UPDATED 5:35 p.m. | A federal three-judge panel begrudgingly adopted a court-drawn Congressional redistricting plan for New York, locking in lines for this November's election after the perpetually deadlocked Empire State Legislature failed to fulfill its constitutional responsibility to update a map to reflect changes in population.
On March 12, federal Magistrate Judge Roanne L. Mann released a proposed map. In today's opinion, the three-judge panel ordered the state of New York to adopt that plan "in its entirety." The panel made tiny tweaks to Mann's map in a few districts that won't materially affect any candidates or political outcomes.
"[W]hen, as here, a state completely abdicates its congressional redistricting duties, it effectively cedes state power to the federal government," the court wrote. "Further, it transfers power that should be exercised by democratic bodies to a judiciary ill equipped to resolve competing policy arguments. Such a twin recalibration of important power balances in a federal republic is itself 'unwelcome.'"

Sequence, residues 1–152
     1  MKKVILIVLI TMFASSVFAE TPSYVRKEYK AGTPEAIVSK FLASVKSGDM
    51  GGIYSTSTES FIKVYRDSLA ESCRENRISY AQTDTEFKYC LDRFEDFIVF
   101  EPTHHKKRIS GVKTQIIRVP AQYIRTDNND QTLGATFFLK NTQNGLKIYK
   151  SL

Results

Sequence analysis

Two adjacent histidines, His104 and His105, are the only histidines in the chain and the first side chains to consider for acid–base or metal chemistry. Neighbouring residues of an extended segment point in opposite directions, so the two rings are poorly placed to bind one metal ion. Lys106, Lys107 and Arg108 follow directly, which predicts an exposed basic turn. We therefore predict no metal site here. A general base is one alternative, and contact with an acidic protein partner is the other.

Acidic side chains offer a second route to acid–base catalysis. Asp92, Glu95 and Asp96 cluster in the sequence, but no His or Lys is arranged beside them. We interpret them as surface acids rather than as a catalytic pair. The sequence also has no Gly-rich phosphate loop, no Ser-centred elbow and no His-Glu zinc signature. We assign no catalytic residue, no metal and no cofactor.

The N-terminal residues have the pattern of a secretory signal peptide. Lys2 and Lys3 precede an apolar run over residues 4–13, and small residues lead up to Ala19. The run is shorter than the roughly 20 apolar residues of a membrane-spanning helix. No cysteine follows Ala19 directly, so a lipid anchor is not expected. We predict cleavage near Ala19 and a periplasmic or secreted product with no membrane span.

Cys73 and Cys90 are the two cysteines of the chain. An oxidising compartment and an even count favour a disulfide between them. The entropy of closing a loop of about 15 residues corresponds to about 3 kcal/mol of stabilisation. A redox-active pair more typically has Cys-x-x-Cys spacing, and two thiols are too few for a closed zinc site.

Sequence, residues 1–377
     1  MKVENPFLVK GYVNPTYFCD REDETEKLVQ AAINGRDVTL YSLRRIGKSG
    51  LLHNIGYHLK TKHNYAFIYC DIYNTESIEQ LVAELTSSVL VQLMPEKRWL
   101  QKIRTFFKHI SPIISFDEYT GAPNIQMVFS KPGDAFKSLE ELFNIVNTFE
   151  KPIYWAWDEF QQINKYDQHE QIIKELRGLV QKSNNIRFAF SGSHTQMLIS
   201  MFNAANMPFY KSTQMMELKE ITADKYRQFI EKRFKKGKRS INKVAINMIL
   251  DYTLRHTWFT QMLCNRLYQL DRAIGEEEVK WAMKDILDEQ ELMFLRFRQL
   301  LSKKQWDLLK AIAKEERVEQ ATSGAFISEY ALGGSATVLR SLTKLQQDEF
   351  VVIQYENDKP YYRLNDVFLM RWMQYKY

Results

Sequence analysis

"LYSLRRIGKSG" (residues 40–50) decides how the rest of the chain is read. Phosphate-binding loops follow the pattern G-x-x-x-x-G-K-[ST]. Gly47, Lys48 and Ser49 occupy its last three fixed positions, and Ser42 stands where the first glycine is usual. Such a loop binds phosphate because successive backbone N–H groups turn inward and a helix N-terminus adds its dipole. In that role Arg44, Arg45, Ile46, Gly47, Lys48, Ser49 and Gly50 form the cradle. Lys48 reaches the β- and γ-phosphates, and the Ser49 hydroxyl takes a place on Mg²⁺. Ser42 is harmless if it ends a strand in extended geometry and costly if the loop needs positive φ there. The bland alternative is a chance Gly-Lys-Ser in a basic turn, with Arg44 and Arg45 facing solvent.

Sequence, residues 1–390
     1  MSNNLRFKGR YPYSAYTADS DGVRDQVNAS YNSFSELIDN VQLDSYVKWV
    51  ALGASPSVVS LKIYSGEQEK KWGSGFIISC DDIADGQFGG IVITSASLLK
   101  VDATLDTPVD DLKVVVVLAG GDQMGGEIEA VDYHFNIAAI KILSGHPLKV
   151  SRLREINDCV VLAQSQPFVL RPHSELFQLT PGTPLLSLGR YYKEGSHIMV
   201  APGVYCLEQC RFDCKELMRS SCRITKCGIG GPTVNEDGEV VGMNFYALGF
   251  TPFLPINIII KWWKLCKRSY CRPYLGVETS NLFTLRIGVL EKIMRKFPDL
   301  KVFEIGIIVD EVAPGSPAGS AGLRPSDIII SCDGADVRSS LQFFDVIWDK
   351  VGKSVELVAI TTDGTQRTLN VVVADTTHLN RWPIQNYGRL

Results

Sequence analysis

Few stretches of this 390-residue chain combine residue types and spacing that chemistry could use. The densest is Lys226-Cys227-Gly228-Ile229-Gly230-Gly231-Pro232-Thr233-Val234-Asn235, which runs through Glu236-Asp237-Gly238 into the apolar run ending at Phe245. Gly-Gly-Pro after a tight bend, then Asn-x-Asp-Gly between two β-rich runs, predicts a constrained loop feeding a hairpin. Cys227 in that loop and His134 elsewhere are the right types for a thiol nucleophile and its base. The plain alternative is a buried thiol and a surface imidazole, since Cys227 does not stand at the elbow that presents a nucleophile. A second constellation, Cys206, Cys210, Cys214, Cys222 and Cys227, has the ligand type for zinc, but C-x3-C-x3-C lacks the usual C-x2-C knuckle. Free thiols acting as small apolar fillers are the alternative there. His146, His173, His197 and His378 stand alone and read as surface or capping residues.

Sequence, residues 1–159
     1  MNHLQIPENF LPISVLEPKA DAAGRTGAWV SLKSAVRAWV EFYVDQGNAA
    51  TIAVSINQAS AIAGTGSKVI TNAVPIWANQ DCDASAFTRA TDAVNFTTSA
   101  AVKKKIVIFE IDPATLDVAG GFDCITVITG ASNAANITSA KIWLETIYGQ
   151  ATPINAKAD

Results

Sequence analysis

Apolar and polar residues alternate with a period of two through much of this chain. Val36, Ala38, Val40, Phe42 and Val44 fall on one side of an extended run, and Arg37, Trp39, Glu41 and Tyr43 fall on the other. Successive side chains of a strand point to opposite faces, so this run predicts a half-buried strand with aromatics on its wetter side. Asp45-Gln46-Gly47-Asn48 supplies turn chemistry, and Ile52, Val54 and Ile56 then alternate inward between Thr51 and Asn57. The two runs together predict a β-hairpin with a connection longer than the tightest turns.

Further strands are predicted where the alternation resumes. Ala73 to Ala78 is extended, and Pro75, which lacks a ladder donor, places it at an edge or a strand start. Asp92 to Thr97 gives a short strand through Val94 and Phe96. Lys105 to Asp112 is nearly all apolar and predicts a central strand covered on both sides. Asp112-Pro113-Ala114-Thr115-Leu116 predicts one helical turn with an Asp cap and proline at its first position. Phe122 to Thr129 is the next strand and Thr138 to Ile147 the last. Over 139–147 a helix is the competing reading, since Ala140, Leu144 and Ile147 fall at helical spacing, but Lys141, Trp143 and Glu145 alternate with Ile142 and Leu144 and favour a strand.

Still, the court said the Legislature's time had expired — the candidate petitioning period starts this week — and took matters into its own hands.
This resolves the largest outstanding redistricting question mark in the country. Kansas and New Hampshire remain the only other states without Congressional lines for 2012.
The case that prompted this ruling was brought by a group of concerned citizens who believed the delay of the Democrat-held state Assembly and Republican-controlled state Senate to draw new Congressional lines was undermining New York residents' rights. The case is Favors, et al v. Cuomo, et al and the final ruling of the court can be read here (PDF).
A map of the newly-configured districts can be seen here (PDF).